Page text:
gethor with n crash a mas3 of junk
iron aim over on ton of risk's in.
At tho tlmo ho wns Bleoplng In tho
end of a gondola car and It was Im
possible for him to froo hlmsolf. Ho
could not bo rescued until thn pnr
had boon bumped sovoral times to Jar
tho mass of iron away from his logs.
Ho wns takon to tho hosnltnl in n
terribly crushed condition. His cries
aroused hundreds of people from tholr
slpop. It is prounulo ho will recovor.
COAL CARRIED IN GO-CARTS
Rich nnd Poor Alike Forced to Get
Fuel Home Any Way They
Can In London.
London. Perambulator coal parades
are ono of tho sights of Westminster
Just now. Elogant flats and mean
strootB Jostlo ono nnothqr In this
neighborhood, and tho problem of the
household coal supply has to bo met
alike by rich nnd poor.
Storngo Is tho main difficulty. In
many of tho hlgh-ront flats there Is a
conspicuous absonco of "collnrago."
At tho rare and welcome cry of
"Coal!" pooplo of nil classes hurry
out of their houses with palls, foot
baths, Btrlng bags, scuttles and any
thing elso thoy can got, mob tho coal
man and clear his stock.
When tho coal cart falls to appear
which Is moro often than not thoro
nro processions of go-cartB to tho
small coal shops.
Smoked Since Girlhood.
PIttston, Pa. Mrs. Cathorino Red
dlngton, aged ono hundred and six
yonrs, who was n smoker of strong'
tobacco since girlhood, Is dead. Sho
frequently said that smoking hnd pro
longod hor llfo.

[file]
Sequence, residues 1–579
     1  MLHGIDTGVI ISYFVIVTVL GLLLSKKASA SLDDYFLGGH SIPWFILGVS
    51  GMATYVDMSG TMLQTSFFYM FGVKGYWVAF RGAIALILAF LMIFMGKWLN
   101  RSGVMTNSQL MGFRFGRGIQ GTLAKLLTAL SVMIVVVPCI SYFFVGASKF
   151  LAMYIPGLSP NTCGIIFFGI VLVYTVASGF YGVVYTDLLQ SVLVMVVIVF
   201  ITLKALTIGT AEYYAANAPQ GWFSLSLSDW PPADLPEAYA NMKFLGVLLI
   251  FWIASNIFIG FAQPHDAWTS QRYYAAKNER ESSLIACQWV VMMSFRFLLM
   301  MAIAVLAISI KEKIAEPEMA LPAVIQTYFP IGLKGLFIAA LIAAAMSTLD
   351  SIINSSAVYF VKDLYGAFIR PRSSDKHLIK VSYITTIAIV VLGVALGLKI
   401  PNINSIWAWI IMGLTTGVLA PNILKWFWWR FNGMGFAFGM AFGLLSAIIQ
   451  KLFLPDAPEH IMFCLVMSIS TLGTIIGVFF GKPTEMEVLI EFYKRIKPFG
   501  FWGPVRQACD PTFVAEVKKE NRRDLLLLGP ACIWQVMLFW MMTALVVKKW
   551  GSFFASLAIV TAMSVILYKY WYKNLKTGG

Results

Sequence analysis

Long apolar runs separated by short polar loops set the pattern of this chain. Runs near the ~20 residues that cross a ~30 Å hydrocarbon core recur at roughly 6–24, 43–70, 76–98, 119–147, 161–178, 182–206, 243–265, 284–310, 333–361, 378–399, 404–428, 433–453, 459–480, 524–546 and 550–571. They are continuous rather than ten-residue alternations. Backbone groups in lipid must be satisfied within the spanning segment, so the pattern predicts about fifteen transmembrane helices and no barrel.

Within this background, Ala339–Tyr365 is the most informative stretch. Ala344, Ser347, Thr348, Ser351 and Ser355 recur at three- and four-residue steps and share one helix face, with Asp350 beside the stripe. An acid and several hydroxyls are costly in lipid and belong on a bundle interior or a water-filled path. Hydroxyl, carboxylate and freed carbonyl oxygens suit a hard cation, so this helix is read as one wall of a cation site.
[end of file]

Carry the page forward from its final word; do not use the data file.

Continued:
Must Be Deaf.
Now York. Andrew Klrskr. a coal
miner, who told tho nollco thnt ho
novor heard of tho Europoan war, was
sont to liollovue hospital for obsorva
TO STRAIGHTEN YOUNG TREES
Somo Plan Should Be Adopted to Sup
port Trees Until Thoy Have De
veloped Root System.
Certain varieties of fruit and shade
trees aro said never to bo straight of
trunk at tho tlmo of bolng brought
from tho nursery; bo, Instead of bo
wailing tho crookedness of trees,
means should bo employed for straight
But whether trees aro crooked or
not, somo of tho piano herowith pre
sented should bo, employed for tho pur
poso of supporting young trees till
thoy havo developed a root system
thnt "will hold them up straight, says
a wrltor in Successful Farming. Not
only docs this bracing hold tho trees
In proper form nnd position for rapid
growth, but whero tho wind wenves
tho trees around, thoy quickly wear o
largo opening, at tho point where thoy
cntor tho ground, so that tho action of
tho sun and wind havo a most detri
mental offect on tho roots, drying them
out nnd retarding normal development
of tho trecB.
Figuro 1 shows a slmplo end easily
formed support for a young tree, or for
straightening ono in caso it leans or
crooks. If tho curvnturo 1b very pro-
Straightening Young Trees.
nounced, it may prove necessary to at
tach n socond forked stick (as shown
by tho dotted lino). This ono should
press against tho curved sldo of the
tree; whllo the upper fork would pull
tho top of tho treo ovor nnd straighten
tho trunk. Tho fork may bo nailed
or wired (or both) securely to tho
stako driven Into tho ground, and tied
to tho treo with a Bofl cord or rag
string. At tho point whero It comes in
contact with tho treo, it should be
wrapped well with Bomo kind of soft
material to avoid rubbing tho bark.